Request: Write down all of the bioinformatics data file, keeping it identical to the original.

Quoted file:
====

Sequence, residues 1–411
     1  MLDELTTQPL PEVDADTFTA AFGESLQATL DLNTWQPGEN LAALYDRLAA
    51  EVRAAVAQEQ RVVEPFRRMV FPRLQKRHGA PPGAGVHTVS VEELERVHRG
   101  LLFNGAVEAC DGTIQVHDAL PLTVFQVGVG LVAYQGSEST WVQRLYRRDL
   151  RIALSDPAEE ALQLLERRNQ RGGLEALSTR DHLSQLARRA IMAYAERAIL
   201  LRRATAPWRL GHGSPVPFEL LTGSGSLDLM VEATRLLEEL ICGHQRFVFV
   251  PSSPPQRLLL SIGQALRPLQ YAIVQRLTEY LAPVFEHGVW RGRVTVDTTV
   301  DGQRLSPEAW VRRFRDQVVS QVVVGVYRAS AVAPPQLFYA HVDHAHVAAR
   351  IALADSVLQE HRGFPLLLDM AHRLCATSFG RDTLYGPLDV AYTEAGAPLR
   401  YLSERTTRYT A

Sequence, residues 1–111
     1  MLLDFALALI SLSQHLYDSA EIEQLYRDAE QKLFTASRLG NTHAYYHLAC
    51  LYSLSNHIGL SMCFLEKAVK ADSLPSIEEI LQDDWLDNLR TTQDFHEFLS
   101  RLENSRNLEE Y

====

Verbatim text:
Sequence, residues 1–411
     1  MLDELTTQPL PEVDADTFTA AFGESLQATL DLNTWQPGEN LAALYDRLAA
    51  EVRAAVAQEQ RVVEPFRRMV FPRLQKRHGA PPGAGVHTVS VEELERVHRG
   101  LLFNGAVEAC DGTIQVHDAL PLTVFQVGVG LVAYQGSEST WVQRLYRRDL
   151  RIALSDPAEE ALQLLERRNQ RGGLEALSTR DHLSQLARRA IMAYAERAIL
   201  LRRATAPWRL GHGSPVPFEL LTGSGSLDLM VEATRLLEEL ICGHQRFVFV
   251  PSSPPQRLLL SIGQALRPLQ YAIVQRLTEY LAPVFEHGVW RGRVTVDTTV
   301  DGQRLSPEAW VRRFRDQVVS QVVVGVYRAS AVAPPQLFYA HVDHAHVAAR
   351  IALADSVLQE HRGFPLLLDM AHRLCATSFG RDTLYGPLDV AYTEAGAPLR
   401  YLSERTTRYT A

Sequence, residues 1–111
     1  MLLDFALALI SLSQHLYDSA EIEQLYRDAE QKLFTASRLG NTHAYYHLAC
    51  LYSLSNHIGL SMCFLEKAVK ADSLPSIEEI LQDDWLDNLR TTQDFHEFLS
   101  RLENSRNLEE Y